12 December 2010

Boardwalk Empire – Season 1


Steve Buscemi. Omar. Ladies. Guns. Gangs. 20s. Boardwalk Empire.

I don’t really need to write anymore, but I guess I will. I’m sure I’ve mentioned it before, but I normally have a strange problem with gang fiction. I’m still not entirely sure why. Classics like The Godfather and Goodfellas largely bored me. The first season of The Sopranos seemed like a chore. Reservoir Dogs I’ve grown to like, but the first time I don’t think I’d yet acclimated to that level of gore. Now, Boardwalk Empire comes along with all its insane pedigree, the above mentioned people/things and Martin Scorsese, it had better well knock my socks off. Oh look, there they are lying on the floor.

This may be because the gang aspect is a bit different from those other stories; Steve Buscemi plays a so-called elected official, Treasurer Enoch “Nucky” Thompson. He’s not the head of the family, he’s just the guy that runs everything. Not everyone respects him. They only really respect what they might be able to get out of him in exchange for money, so-called allegiance, or political favors. Again, I don’t really know why, but it seems I like this sort of character more than Marlon Brando’s. It may be because he’s less of an asshole than Tony Soprano. Anyway, Steve Buscemi is always great as a character actor, and here he plays the lead equally well.

Nucky is the Treasurer of Atlantic City, New Jersey. AC runs on alcohol and gambling, and now with Prohibition in effect, even more money is to be made. People will spend more on stuff if it’s illegal. As such, he who controls the liquor controls the city, and Nucky Thompson is that man, though he doesn’t appear that way to his adoring public; he gives seemingly heartfelt speeches to the temperance groups supporting Prohibition, and courts a women who admires him for his moral standing. This woman, Margaret Schroeder played by Kelly Macdonald, starts off as the faultless housewife and slowly becomes that which she hates while realizing her admiration for Nucky was ill-founded. Most of the other characters are in on it from the start, like Jimmy Darmody, the son of the previous show-runner who’s been out to war and has returned with spiritual scars. Nucky is like a father to him, but that doesn’t keep the old man from using him as a gun.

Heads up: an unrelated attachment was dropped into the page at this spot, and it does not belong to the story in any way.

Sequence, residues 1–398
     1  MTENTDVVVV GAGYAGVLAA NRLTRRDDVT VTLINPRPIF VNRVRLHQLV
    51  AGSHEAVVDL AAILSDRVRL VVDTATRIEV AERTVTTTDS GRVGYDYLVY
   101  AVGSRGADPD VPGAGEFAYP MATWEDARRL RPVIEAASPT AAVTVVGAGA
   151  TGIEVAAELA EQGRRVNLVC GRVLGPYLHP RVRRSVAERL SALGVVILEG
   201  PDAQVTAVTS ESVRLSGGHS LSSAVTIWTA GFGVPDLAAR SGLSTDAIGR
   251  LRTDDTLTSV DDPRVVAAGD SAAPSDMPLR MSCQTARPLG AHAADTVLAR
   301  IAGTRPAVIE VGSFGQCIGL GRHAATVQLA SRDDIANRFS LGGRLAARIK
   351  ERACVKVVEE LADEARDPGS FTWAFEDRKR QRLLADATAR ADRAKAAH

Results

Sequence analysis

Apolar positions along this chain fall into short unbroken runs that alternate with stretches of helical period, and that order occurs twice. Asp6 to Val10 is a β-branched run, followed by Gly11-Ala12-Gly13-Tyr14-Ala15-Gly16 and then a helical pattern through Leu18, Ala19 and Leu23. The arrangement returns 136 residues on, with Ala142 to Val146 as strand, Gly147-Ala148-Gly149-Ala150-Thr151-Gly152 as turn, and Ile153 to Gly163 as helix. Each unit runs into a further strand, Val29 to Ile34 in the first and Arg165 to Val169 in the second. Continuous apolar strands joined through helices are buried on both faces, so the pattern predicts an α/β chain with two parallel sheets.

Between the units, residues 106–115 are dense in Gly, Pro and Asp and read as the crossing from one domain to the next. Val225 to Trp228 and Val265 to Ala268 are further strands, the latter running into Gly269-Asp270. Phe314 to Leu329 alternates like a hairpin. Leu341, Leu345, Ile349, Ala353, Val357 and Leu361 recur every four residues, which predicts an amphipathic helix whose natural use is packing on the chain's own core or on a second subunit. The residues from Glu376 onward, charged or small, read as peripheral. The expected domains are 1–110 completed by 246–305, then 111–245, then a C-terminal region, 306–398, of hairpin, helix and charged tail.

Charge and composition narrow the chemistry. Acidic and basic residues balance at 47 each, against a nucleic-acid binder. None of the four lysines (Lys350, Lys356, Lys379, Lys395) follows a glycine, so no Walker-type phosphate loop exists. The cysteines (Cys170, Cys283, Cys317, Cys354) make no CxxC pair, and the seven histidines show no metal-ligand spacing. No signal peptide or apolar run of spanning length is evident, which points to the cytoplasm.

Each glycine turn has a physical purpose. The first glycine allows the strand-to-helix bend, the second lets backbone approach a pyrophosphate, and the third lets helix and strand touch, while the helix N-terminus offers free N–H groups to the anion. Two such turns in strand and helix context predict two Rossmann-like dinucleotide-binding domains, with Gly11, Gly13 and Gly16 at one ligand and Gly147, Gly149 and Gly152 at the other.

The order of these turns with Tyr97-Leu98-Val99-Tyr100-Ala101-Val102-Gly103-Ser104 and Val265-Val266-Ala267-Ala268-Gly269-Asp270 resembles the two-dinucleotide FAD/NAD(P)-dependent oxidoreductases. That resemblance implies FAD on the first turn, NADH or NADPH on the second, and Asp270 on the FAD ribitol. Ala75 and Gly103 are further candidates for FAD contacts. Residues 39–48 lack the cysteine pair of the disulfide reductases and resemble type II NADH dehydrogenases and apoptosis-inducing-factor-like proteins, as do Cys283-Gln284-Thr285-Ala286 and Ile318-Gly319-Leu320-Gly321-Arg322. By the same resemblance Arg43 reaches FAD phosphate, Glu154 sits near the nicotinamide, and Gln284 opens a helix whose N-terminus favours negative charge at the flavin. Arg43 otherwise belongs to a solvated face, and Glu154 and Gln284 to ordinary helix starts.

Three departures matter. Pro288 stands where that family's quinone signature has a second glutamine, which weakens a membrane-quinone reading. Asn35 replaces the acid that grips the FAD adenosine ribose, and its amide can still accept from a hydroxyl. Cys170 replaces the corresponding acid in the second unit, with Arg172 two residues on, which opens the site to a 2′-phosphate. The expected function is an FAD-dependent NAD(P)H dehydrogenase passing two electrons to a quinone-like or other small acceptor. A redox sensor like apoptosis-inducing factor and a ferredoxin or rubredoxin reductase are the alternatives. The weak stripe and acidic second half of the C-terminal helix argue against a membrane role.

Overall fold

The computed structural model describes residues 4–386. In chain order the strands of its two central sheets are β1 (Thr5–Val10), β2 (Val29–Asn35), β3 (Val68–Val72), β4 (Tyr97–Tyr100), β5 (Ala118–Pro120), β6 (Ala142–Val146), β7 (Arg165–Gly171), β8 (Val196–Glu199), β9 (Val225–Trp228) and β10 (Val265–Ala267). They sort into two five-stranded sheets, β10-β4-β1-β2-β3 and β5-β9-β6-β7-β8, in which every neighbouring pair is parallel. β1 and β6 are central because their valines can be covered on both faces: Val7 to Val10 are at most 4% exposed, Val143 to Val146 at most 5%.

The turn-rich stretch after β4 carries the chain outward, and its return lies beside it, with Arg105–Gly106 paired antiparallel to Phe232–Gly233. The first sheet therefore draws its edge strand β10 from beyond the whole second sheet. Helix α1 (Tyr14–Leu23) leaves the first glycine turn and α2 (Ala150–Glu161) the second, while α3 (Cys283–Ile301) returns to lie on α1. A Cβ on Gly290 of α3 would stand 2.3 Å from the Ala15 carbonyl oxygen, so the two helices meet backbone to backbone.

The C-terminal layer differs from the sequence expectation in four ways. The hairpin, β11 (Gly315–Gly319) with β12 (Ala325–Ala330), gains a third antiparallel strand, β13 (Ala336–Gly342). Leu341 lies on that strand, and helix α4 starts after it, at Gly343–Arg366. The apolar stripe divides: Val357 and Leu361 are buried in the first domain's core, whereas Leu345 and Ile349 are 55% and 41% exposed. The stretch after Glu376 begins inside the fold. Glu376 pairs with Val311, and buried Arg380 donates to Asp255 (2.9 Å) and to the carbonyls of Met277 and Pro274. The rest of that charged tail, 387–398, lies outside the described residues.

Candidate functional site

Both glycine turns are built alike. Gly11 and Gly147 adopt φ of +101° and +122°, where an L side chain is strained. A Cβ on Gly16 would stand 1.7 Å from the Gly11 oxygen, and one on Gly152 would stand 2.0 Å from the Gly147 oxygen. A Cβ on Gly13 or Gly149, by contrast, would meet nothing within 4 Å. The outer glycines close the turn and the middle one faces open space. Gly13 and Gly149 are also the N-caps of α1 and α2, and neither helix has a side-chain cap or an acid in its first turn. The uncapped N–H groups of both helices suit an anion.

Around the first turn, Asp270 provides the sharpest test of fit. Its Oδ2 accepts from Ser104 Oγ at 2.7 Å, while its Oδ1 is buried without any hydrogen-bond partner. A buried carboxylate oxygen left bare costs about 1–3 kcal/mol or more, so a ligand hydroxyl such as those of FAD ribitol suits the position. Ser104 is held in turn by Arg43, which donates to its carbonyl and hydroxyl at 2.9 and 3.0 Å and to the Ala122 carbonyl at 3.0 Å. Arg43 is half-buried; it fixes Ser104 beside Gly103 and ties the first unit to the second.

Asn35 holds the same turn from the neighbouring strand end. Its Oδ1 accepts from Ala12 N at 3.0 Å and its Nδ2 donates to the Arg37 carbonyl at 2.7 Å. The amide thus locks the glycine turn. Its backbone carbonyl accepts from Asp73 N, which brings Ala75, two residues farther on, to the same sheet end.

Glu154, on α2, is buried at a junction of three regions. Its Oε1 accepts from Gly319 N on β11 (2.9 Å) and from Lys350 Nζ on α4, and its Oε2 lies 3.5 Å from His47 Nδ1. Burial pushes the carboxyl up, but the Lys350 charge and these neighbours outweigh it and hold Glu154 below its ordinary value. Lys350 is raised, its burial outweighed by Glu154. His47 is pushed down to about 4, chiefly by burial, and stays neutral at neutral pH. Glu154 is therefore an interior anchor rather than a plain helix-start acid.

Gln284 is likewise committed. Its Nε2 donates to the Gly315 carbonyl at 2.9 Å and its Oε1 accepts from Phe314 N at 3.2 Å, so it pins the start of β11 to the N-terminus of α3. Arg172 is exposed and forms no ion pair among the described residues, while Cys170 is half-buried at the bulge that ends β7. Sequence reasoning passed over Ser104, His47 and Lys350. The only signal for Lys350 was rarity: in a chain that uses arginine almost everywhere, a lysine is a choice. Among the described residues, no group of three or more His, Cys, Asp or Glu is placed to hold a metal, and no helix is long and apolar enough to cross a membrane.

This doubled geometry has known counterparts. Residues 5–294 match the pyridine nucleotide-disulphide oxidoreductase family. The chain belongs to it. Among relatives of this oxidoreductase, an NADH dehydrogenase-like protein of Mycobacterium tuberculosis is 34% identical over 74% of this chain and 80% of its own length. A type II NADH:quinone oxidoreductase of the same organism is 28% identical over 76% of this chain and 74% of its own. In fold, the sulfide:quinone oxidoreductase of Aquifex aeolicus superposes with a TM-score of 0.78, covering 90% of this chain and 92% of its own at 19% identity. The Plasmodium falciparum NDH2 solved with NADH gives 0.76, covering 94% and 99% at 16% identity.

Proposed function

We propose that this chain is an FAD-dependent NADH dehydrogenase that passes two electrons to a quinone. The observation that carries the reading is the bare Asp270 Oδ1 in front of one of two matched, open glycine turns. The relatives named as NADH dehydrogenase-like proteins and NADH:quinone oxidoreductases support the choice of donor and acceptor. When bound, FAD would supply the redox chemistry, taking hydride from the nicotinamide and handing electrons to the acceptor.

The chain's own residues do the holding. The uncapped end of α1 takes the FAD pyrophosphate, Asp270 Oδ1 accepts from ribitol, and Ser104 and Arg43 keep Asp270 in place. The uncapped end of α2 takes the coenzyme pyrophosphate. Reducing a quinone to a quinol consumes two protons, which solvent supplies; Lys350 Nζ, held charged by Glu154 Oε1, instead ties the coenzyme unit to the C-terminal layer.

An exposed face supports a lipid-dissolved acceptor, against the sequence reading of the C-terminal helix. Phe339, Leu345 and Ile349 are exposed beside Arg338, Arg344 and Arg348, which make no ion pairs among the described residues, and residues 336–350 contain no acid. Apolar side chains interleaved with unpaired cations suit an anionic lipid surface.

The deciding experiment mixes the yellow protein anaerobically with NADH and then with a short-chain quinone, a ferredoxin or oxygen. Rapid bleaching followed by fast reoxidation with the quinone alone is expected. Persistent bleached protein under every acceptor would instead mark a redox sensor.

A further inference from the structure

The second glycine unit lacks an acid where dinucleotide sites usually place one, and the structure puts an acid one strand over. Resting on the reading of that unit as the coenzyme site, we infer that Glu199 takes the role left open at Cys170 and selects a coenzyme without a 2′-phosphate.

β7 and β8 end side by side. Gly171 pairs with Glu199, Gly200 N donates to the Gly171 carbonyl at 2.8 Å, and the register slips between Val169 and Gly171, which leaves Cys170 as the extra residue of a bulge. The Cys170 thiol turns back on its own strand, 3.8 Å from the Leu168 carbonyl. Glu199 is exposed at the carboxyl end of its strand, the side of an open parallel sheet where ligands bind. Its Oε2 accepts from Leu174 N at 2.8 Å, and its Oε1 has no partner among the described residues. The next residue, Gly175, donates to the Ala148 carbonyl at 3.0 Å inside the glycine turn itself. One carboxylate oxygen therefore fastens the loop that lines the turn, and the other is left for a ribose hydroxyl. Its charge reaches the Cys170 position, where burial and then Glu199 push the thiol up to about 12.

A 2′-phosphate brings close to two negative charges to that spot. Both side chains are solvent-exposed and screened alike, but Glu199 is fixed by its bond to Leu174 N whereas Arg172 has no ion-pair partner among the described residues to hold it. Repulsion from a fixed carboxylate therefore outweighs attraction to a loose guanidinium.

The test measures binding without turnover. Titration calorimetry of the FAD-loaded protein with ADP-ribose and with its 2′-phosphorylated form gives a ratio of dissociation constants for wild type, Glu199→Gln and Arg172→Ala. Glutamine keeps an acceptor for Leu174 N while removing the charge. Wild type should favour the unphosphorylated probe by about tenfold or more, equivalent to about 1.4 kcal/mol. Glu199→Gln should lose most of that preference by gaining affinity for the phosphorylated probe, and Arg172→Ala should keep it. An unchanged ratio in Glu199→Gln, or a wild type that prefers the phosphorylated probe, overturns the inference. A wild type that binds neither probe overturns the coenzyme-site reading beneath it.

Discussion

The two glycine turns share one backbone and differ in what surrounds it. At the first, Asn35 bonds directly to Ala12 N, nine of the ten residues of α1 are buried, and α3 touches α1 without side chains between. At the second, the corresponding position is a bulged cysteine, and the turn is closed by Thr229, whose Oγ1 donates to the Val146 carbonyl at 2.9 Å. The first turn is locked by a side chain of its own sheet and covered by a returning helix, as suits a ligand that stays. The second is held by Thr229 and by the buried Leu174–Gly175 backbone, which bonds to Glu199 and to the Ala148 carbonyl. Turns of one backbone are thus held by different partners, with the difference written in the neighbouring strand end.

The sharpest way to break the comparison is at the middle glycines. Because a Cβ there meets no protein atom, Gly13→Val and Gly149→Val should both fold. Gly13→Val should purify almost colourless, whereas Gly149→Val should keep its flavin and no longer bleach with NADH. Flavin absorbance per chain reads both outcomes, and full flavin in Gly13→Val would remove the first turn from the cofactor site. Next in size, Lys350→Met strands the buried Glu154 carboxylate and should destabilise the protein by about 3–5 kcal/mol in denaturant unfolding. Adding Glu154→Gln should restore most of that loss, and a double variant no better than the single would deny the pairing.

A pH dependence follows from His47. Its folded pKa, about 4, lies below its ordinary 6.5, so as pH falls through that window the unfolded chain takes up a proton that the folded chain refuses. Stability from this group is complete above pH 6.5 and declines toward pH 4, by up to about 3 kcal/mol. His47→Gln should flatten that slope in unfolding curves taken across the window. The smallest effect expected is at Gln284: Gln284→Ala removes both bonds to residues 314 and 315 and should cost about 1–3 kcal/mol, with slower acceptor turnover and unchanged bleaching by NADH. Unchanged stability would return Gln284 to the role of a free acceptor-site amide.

Jimmy starts out partnering with a young Al Capone. Al proves to be an unreliable jokester, which eventually drives the two apart, and Jimmy finds a new partner in Richard Harrow (Jack Huston), the chilling phantom-masked war veteran who shares a sort of brotherhood with Jimmy’s battlescars, although his are both unseen and dramatically visible. He’s probably the most interesting character on the show. Shame he didn’t have a bigger role. Another actor who should have had more screen time is Michael Kenneth Williams as Chalky White, who only gets a couple chances to show his acting prowess; but when he does, you know Omar’s still dangerous.

Not everyone is Nucky’s friend of course. He has plenty enemies, both in the dark underground and the pious government. The most intriguing one of these, for me at least, was Federal Agent Nelson Van Alden, played by Michael Shannon. Here’s a man who takes his trade all too seriously while most of his compatriots are more likely to side with the man with the booze. The bulk of his devotion to duty is part of his almost psychotic religious intensity. He imagines himself the poster-child for Christianity while I doubt many churches would want him representing them. The guy’s got a bit of a righteous anger problem, and it’s relentlessly entertaining. His attempts to nab Nucky in the act lead to some of the most gripping scenes in the show.

There are a few more notable characters and lots of plot, but this post is getting too long and I don’t think I can make it entertaining. It’s a good show. The first episode, directed by Scorsese, was a bit hard to follow but it set the bar for quality quite high. After that every episode was a bit slower but just as gripping, and almost always featured some sort of violence or skin (Paz de la Huerta has an aversion to clothes). It never got boring. It really was like watching a twelve-hour movie. I’m a very character-oriented kinda guy, and every character on the screen was made either likable or despicable to a level not too far from The Wire. I’m definitely looking forward to season 2.

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